George Floyd died after being held in a neck restraint. Minneapolis police officers used such techniques, generally referred to as chokeholds, at least 237 times in the years since 2015, an NBC News analysis of police records found. In 44 of those instances, the individual lost consciousness. Twenty-seven of the 44 were black.
David Schultz, a professor at Hamline University in St. Paul, told The New York Times that such disparities in police treatment reflect differences in education, income and unemployment, and formed “a living laboratory on everything you shouldn’t do when it comes to police use of force.”
A 2018 article in the Journal of the National Medical Association characterized such realities—segregated neighborhoods with high rates of poverty and unemployment, lower educational attainment and higher rates of incarceration—as components of “structural racism.”
Similar social determinants have been raised to assert that just as health science alone does not explain why George Floyd died as he did, science- and data-based diagnoses alone do not explain why the Covid-19 virus has taken an especially harsh toll in communities of color.
The Chicago Tribune reported, for instance, that the highest rate of infections over one particular month occurred in the city neighborhoods with the highest rates of crime and gun violence.
“This is what inaccessibility to gainful employment and quality education means. If you have someone who has been historically dispossessed (of jobs, housing or education), most crimes are done for survival,” University of Illinois at Chicago professor David Stovall told The Tribune, echoing the NAACP’s description of black life in Minneapolis. “Often the narrative is they are bad people. We don’t take into account [that] this is a bad situation.”
Michelle A. Williams and Jeffrey Sanchez of Harvard’s school of public health, wrote in The Washington Post that black and brown Americans “make up a disproportionate number of essential workers who have stayed on the job through lockdowns, and thus are at higher risk of contracting the disease. And when they do fall ill, they are more likely to receive worse care than white Americans do.”
In the aftermath of Floyd’s death, David McAtee, a well-known black restaurant owner in Louisville, was killed when police officers and national guard members fired on a group of persons lingering after curfew hours.
In the same city nearly three months earlier, police officers shot and killed Breonna Taylor, a black emergency medical technician, in a night time, no-knock raid on her home.
“Louisville is like so many other cities,” Christopher 2X, a local activist against gun violence told The Washington Post. “Because of the pandemic, because of the issues with job losses and unemployment connected to it, I think there is a lot of built-up frustration along with the compounding issues that went with everyday life, especially in poor communities.”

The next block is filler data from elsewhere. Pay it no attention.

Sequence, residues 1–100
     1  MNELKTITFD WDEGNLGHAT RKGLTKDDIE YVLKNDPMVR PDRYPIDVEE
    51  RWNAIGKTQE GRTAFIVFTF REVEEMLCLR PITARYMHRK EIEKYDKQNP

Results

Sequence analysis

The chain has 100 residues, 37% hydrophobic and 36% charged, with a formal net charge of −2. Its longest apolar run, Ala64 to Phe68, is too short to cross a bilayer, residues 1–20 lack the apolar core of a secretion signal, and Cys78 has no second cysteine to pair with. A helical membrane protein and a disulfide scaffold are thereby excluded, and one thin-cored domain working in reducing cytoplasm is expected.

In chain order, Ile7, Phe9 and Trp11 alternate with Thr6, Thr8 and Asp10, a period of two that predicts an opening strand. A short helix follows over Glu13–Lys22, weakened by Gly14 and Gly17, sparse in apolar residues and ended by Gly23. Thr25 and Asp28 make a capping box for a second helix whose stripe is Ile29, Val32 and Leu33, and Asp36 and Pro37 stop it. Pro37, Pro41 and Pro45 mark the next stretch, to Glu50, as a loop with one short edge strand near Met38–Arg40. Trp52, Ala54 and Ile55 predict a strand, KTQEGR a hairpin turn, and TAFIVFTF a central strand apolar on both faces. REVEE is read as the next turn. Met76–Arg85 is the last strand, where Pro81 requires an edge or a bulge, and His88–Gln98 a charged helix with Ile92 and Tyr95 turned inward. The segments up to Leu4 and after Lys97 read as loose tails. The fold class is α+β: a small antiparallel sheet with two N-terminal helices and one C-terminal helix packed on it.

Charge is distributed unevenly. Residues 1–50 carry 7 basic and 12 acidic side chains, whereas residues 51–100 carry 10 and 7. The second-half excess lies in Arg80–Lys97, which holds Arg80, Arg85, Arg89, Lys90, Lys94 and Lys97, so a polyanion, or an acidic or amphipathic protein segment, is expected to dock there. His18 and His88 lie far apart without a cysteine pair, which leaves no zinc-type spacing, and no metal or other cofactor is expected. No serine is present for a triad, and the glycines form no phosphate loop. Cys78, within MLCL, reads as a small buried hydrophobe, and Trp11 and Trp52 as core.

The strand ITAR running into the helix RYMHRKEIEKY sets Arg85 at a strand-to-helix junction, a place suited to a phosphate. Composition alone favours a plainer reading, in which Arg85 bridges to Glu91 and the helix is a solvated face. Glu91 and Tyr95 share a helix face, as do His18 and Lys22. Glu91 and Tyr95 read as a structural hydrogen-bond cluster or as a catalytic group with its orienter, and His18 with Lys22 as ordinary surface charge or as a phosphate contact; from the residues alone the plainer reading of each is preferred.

Not all of the examples of the dilemma are as dramatic as the deaths of George Floyd, Breonna Taylor, David McAtee, Rayshard Brooks and others. Late last year, ignoring facts of black life were cited as a reason why healthcare policy directives designed to be colorblind ultimately were determined to be racially biased.
Optum, a national health care services company, developed an algorithm for patient treatment based on initial findings that black and white patients had spent the same amount of money on health care services in the past. Therefore, they likely would have similar health care needs—and costs—in the future.
Further study discovered, however, that the black patients’ bodies were in worse shape than the white ones. The reason the black patients had not spent more was because they were poorer and less knowledgeable about their health, and about health care services—many of which cost little or nothing, yet were practically beyond their reach.
African Americans are among the poorest ethnic groups in the nation, and have some of the highest instances of heart disease, diabetes, obesity and elevated blood levels, according to a 2010 study by the Stanford University School of Medicine.
Many reside in some of the nation’s worst housing, and African-American women are far more likely to live alone. Older African Americans disproportionately rely on hospitals for emergency care, and the rate of death from all causes for persons 65 to 84 is highest among black Americans.
“We already know that the health care system disproportionately mismanages and mistreats black patients and other people of color,” Ashish Jha, director of the Harvard Global Health Institute, said of the results.
Ruha Benjamin, an associate professor of African American studies at Princeton University, wrote a commentary that accompanied the study. “Black patients,” she said, “do not ‘cost less,’ so much as they are valued less.”